Painting a Beehive – Where & How to Paint


Today I’m hanging out in the garage. And I’m going to be painting my beehive. And i thought I could just share a few tips
on things I’m going to be looking out for. Specifically how to choose your paint and
where to paint. So first off, if you think about a traditional
looking beehive, one that is already finished, not just the bare wood like this, if you think
about the beehives you’ve seen in the past, they’re usually white, right? So think about what the color white does. It reflects heat. Well, up here in Alaska, we have to do the
opposite for our beehives. We want to paint a dark colored stain so it
absorbs the heat because the bees need to stay warm to be happy and to thrive and to
make us more honey. So I picked a dark gray color – it’s actually
going to match my chicken coop. So I went with that. And obviously you want to pick an outdoor
stain or paint. You don’t want to pick something that’s an
indoor paint because the beehive lives outside. Then the second part is where to actually
apply the paint. So you’re only going to paint the outside
of your beehive. You don’t need to paint the inside. The inside of the hive is going to stay natural
wood. Just the natural finish. You’re not going to put any paint on it. The bees prefer a natural wood inside of their
home. So at first, I started taking apart all of
the pieces of the hive. Like, I had my boxes out and my lid out base
out, and I started trying to figure out how I’m going to tilt each of these at the right
angle and how many times am I going to have to flip each piece while each side dries. Then I realized, why don’t I just set it up,
because this is how it’s going to be outside. Then I’ll just paint everything like this. So that’s what I’m going to try. So as I’m getting into this a little more,
I’ve realized that I really need a crappy old paintbrush. Something I can wedge in between corners and
not worry about keeping the pristine of the bristles. And I’ve been using a sponge. And what I’ve been doing is, okay, so the
beehive, all the corners, are just pieces of unfinished wood that are interlaced. Like this. So we’ve got a lot of rough corner ends here. So what I’ve been doing is just getting my
paint brush really saturated, and then just smearing it on. Getting in between the cracks, filling in
all the staple holes. So right now, that looks pretty gross. And this is a stain, so it’s not supposed
to be just slapped on like a paint. So then once I get the corner good, what I
do is I come back with my sponge. And then I smear it out. And you just work the sponge around and kind
of spread it. And that way you’ve filled in all of the rough
ends of the wood so you don’t have any exposed wood that hasn’t been stain treated. And the sponge is doing a really good job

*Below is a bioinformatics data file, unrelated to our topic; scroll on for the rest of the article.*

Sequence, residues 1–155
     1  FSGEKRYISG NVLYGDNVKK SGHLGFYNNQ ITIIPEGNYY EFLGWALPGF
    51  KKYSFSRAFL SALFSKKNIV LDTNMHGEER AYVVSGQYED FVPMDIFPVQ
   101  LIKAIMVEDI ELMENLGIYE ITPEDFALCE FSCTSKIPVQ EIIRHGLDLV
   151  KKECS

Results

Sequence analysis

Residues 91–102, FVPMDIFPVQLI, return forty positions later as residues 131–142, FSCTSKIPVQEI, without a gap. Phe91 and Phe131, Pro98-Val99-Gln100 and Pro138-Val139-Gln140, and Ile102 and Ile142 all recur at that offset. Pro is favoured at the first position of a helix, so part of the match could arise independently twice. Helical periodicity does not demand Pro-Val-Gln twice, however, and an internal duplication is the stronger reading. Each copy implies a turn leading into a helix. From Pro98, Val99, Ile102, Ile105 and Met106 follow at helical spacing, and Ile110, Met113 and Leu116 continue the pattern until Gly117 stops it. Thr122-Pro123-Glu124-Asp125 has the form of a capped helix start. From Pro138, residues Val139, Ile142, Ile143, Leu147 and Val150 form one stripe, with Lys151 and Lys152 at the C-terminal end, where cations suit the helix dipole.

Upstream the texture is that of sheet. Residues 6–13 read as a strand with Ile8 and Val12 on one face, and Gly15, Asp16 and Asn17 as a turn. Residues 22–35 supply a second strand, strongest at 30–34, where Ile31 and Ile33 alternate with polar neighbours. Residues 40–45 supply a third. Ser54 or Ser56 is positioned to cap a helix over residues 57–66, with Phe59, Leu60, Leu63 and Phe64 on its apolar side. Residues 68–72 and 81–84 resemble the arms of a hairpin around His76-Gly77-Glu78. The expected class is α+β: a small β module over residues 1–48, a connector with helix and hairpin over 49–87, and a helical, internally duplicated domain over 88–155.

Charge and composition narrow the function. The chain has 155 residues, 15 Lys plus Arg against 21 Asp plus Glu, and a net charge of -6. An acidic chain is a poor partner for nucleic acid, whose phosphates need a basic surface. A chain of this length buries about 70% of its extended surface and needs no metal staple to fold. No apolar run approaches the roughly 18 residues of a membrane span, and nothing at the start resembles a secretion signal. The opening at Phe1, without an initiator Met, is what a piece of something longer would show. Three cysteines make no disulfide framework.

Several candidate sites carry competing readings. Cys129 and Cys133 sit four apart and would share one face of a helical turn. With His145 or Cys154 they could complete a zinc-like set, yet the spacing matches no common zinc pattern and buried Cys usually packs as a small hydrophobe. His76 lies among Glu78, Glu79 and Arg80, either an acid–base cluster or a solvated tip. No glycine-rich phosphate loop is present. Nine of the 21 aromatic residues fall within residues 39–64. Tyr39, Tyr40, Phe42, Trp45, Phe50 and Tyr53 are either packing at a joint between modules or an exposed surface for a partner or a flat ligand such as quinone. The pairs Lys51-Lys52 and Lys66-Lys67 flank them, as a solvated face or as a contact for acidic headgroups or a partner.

of just spreading out the excess. The excess, uh, stain. So that’s what I’ve been doing. Granted, I am not a professional painter. But some of these spots are just kind of tricky
to get. And it’s not an amazing quality of wood. There are a lot of, well, as I’m painting
this, I keep finding that there are a lot of grooves and little knobs and nicks in the
wood. I mean, this whole thing it held together
kind of by staples. A staple gun. So there are tons of staple gun marks on this
that you want to cover up, too, right? This paint brush combo with a sponge has been
working like a trick for me. And this is all I’m doing. Just going through and taking turns with my
paint brush, then the sponge. Getting the paint brush really saturated. Now over here. I mean, and this beehive is going outside,
right, so I’m not going to be a perfectionist. You know, I just want it to serve a purpose. I want it to look nice, obviously, but above
anything else, it’s serving a purpose. And I’m going to get down here. You can’t really see it, but this is a brood
box and this is a base. So I’m just getting in between the crack. Filling in all the staple holes down here. Now take my sponge. Come back over. Work it in. I’m really digging this color. It’s really nice. I like that you can see all of the natural
grain of the wood. Okay, so that’s it. Now the next side. Alright, I’ll show you where we are so far. Pretty close, right? I don’t have a whole lot left to do. This method seems to be working out pretty
well. So I’m happy with it. Here she is after just the first coat of stain. I think it’s looking good so far. And I just washed out my brush and my sponge. I’m going to find a piece of tin foil to cover
the stain. And we’ll give this a full day or two to dry. Then I’ll come back and do the next coat. So it’s two days later now. I let the first coat of the stain dry out
pretty well. And I was expecting to find that when I lifted
up the different layers, I thought that everything would be kind of stuck together. But it really wasn’t. So anyway, I offset it just to kind of show
you how well this method is working. Really nothing, or very little of the stain
is going inside on the frames, which is what you want. So now that everything is pretty well dry,
I’m just gonna set it back up, line it up. Just the way I actually would if I had bees
in it. Then I’ll do my second coat. Hopefully it goes as well as the first! And this is the final product. It’s totally dry now, a couple days after
the second coat. This is two coats of a semi-transparent stain. Should be getting the bees soon, so hopefully
they like it!

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